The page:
Several controversial proposals are expected to be discussed over the course of the round, which is set to conclude on Tuesday with a press event featuring the relevant trade ministers. These proposals include agriculture-specific issues, like a produce provision tabled in the previous round that many groups believe would open the door to damaging trade barriers. Other, broader issues are also expected to be discussed, including an investor dispute settlement proposal, rules of origin, and the potential for sunset rules that would terminate the agreement in five years.

As the uncertainty about the agreement continues, several members of the U.S. Congress spoke out this week on their standards for a new deal. Canadian Prime Minister Justin Trudeau also visited Capitol Hill and met with President Donald Trump.

Stakeholders from the Mexican grain industry traveled to Washington to monitor the talks and meet with U.S. industry. The U.S. Grains Council (USGC) facilitated a meeting between livestock division members of Mexico's National Agricultural Council (known as CNA) representing approximately 90 percent of the livestock industry and U.S. agriculture groups including the National Corn Growers Association (NCGA), the National Sorghum Producers (NSP) and the U.S. Soybean Export Council (USSEC), focused on the ongoing negotiations.

Mexico is the largest export market for U.S. corn, purchasing 13.9 million metric tons (547.2 million bushels) worth $2.5 billion last marketing year, and the largest market for U.S. distiller's dried grains with solubles (DDGS), purchasing 2.06 million tons in that peroid. Mexico is the second largest U.S. sorghum export market, buying 568,254 tons (22.4 million bushels).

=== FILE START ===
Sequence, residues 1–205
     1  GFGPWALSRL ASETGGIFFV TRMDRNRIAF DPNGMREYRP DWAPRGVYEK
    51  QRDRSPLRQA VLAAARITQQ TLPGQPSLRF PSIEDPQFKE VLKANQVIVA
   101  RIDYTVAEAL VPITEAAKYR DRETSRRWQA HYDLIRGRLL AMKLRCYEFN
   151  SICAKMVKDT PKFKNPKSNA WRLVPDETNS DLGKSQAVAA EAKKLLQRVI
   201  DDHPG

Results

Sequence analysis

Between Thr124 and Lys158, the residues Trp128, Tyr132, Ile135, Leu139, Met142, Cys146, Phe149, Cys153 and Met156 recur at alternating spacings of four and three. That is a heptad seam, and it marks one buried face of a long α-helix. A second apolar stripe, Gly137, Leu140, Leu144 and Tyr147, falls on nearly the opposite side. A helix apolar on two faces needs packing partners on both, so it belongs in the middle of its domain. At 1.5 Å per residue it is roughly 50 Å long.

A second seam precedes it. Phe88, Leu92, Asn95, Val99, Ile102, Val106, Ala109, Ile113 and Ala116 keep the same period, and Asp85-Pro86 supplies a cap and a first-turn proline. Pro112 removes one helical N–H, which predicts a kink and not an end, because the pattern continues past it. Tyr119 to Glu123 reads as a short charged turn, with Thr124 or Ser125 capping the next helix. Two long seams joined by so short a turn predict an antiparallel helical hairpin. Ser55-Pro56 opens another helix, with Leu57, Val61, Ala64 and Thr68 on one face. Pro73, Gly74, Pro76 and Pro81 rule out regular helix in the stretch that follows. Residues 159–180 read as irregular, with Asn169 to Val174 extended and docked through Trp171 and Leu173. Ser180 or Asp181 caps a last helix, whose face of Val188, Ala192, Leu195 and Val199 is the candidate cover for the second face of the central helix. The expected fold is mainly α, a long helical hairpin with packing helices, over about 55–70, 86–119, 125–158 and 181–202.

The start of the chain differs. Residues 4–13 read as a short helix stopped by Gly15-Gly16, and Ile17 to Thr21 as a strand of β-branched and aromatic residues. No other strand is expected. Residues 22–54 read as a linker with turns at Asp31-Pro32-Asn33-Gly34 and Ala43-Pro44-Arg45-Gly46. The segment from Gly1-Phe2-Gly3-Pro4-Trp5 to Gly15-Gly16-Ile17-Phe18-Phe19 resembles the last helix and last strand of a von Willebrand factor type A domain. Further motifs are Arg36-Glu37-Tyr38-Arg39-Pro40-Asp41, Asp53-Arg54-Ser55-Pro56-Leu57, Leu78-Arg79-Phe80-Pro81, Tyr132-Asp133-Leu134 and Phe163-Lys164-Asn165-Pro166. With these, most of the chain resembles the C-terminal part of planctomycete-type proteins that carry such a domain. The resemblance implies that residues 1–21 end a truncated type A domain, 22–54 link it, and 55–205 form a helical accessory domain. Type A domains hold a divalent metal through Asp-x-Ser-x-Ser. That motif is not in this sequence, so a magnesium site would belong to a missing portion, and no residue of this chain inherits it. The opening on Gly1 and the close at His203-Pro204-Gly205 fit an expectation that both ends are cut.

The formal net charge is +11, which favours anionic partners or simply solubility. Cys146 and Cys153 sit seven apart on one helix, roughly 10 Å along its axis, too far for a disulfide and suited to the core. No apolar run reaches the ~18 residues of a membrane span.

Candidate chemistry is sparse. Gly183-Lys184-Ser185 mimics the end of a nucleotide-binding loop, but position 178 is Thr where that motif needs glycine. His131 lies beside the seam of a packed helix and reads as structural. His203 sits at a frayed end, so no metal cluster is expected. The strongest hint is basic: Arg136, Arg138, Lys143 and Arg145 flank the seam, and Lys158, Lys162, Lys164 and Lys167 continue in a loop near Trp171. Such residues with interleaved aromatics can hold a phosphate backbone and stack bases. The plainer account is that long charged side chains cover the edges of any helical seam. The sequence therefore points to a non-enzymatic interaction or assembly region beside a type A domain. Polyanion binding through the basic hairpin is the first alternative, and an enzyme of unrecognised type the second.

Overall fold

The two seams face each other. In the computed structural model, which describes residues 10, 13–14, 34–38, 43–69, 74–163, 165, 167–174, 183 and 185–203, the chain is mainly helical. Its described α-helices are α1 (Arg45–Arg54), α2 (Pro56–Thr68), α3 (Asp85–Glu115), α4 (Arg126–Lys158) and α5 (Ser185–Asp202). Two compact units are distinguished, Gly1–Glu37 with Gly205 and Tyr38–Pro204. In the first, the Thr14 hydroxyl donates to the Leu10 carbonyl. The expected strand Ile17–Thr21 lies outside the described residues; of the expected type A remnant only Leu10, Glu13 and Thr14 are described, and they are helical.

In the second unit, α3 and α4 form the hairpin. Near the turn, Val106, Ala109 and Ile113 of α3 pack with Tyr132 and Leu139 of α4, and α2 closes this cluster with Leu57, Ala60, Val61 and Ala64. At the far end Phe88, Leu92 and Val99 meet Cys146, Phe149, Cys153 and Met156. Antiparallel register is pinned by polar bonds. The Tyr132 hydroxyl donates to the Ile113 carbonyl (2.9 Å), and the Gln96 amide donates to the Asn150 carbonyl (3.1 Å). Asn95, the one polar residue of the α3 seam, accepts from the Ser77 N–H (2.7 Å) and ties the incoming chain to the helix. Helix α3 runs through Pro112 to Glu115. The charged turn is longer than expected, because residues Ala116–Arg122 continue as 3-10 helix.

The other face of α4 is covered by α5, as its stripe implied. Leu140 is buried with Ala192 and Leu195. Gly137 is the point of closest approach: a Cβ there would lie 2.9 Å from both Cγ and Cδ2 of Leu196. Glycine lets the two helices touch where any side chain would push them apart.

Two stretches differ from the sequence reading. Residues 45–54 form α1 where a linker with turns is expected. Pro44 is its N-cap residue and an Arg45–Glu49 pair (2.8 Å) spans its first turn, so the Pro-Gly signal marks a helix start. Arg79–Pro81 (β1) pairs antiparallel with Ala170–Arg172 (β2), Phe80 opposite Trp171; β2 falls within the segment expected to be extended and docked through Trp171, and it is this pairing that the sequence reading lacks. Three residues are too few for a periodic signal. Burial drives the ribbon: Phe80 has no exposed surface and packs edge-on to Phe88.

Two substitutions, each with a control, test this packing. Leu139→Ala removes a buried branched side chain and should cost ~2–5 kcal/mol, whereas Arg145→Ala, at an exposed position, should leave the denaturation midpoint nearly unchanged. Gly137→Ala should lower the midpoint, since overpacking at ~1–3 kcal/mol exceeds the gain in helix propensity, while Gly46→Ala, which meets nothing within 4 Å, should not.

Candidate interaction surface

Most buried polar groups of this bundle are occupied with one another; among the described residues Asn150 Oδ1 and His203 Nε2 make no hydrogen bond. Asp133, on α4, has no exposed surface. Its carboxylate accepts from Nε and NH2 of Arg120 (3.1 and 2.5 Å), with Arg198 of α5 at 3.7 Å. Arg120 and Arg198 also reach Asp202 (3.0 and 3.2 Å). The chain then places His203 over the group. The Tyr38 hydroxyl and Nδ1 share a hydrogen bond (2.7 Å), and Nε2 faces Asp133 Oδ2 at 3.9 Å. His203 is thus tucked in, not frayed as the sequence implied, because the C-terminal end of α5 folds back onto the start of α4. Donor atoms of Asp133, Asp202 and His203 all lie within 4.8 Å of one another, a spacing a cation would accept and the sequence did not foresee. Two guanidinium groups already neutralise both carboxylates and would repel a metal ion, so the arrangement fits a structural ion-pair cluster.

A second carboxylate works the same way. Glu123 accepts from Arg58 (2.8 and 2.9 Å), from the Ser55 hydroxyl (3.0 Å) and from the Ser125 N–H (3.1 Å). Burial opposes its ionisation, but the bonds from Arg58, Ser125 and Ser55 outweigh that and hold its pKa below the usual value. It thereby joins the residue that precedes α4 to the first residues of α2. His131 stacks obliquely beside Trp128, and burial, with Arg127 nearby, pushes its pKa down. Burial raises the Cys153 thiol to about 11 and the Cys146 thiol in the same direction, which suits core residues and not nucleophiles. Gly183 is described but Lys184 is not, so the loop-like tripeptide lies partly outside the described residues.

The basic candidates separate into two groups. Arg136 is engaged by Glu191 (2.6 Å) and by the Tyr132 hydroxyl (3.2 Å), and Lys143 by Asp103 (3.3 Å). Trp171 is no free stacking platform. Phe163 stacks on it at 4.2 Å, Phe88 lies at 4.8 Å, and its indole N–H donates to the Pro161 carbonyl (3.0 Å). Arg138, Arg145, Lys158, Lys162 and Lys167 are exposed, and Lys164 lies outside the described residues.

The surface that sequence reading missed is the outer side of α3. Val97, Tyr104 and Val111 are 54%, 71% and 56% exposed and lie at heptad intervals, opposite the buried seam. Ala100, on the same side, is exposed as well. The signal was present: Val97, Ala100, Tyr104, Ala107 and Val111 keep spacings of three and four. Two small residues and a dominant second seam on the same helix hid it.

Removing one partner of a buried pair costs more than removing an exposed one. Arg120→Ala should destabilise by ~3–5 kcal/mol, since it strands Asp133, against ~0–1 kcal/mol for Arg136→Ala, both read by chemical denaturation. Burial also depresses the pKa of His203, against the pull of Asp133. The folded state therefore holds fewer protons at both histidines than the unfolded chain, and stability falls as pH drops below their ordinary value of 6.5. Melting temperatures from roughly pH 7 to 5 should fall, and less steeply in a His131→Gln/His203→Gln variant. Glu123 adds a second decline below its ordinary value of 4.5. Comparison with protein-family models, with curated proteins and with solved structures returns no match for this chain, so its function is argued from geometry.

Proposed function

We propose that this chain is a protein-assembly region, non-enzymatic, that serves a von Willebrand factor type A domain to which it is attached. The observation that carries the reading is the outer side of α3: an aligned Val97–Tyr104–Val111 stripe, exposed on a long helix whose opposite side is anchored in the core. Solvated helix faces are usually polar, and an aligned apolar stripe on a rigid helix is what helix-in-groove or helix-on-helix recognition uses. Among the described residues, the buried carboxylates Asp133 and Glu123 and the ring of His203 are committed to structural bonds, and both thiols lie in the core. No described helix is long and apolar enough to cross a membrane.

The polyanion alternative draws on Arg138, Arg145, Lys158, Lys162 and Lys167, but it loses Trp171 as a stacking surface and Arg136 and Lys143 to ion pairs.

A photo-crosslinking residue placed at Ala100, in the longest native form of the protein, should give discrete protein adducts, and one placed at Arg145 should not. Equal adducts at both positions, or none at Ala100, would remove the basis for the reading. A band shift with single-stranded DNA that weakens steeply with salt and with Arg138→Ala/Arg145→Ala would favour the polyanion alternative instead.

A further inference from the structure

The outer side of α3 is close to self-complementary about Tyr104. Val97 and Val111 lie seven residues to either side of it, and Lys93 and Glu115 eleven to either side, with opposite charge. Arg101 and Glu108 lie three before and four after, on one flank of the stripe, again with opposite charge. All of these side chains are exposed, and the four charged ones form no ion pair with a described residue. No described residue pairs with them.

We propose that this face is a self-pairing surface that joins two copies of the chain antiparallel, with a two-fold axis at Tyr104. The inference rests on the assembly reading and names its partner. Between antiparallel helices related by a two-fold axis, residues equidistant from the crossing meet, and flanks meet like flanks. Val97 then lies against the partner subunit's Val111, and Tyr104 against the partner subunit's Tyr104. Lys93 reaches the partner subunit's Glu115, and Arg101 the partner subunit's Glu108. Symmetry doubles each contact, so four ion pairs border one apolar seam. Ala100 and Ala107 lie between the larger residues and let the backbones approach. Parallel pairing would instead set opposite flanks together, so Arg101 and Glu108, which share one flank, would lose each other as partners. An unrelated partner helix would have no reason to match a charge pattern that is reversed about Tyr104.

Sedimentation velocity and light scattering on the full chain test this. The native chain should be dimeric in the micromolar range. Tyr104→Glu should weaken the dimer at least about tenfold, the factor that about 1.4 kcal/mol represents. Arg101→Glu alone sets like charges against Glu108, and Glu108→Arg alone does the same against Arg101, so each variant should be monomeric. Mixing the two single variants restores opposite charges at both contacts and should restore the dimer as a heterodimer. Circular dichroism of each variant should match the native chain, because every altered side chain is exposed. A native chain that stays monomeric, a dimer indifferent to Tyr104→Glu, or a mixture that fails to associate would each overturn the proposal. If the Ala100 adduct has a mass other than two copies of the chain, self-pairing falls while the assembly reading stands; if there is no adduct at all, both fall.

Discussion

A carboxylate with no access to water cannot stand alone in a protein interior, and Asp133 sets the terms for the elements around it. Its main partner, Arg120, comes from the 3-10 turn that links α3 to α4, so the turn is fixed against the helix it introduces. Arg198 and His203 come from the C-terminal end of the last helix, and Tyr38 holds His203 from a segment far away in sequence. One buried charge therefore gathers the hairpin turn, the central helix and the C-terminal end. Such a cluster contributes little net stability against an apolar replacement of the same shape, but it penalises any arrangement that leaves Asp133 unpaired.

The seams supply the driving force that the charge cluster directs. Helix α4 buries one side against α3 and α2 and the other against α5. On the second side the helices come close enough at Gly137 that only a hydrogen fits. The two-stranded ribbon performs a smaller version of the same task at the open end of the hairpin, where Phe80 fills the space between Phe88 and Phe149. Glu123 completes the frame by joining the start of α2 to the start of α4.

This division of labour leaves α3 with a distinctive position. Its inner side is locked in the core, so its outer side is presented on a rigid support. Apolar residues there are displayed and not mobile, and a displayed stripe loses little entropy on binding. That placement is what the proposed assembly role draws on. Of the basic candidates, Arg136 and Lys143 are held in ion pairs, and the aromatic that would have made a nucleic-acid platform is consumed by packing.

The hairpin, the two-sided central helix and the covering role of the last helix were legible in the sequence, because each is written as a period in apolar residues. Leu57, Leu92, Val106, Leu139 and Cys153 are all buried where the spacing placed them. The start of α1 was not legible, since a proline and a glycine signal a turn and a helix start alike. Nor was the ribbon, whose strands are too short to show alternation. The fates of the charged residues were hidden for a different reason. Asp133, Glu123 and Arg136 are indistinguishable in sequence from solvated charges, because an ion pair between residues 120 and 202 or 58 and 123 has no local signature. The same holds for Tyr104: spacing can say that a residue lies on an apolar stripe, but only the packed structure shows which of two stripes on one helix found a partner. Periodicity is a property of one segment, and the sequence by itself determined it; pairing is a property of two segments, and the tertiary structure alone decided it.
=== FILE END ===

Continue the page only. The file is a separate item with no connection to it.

Canada is also a dominant buyer of U.S. feed grains and value-added products, importing more than 670,000 tons (26.4 million bushels) of U.S. corn last marketing year. During that time, the country was also the largest export customer for U.S. barley (76,944 tons or 1.6 million bushels) and the second largest export customer for U.S. ethanol (331.7 million gallons).

The Council has strongly supported NAFTA since it first went into effect in 1994. The agreement has spurred significant growth in both the U.S. and Mexican feed and livestock sectors as well as deep integration of the U.S. and Mexican grain production, export and feed milling systems.

As a result, Mexican corn imports have grown by 847 percent and DDGS imports have grown by 945 percent since NAFTA was implemented.

North of the border, Canadian imports of U.S. barley and sorghum have increased 46-fold since NAFTA went into force; imports of DDGS have increased by 17-fold; and imports of ethanol have increased 172-fold.

The Council will continue to engage with negotiators meeting in Washington and work with sister organizations and customer organizations to emphasize the importance of NAFTA to the U.S. grains and biofuels industries.

BASF signs agreement to acquire significant parts of Bayer’s seed and non-selective herbicide businesses

BASF has signed an agreement to acquire significant parts of Bayer’s seed and non-selective herbicide businesses. Bayer intends to divest these assets in the context of its planned acquisition of Monsanto. The all-cash purchase price is €5.9 billion, subject to certain adjustments at closing. The assets to be acquired include Bayer’s global glufosinate-ammonium non-selective herbicide business, commercialized under the Liberty®, Basta® and Finale® brands, as well as its seed businesses for key row crops in select markets: canola hybrids in North America under the InVigor® brand using the LibertyLink® trait technology, oilseed rape mainly in European markets, cotton in the Americas and Europe as well as soybean in the Americas. The transaction also includes Bayer’s trait research and breeding capabilities for these crops and the LibertyLink® trait and trademark.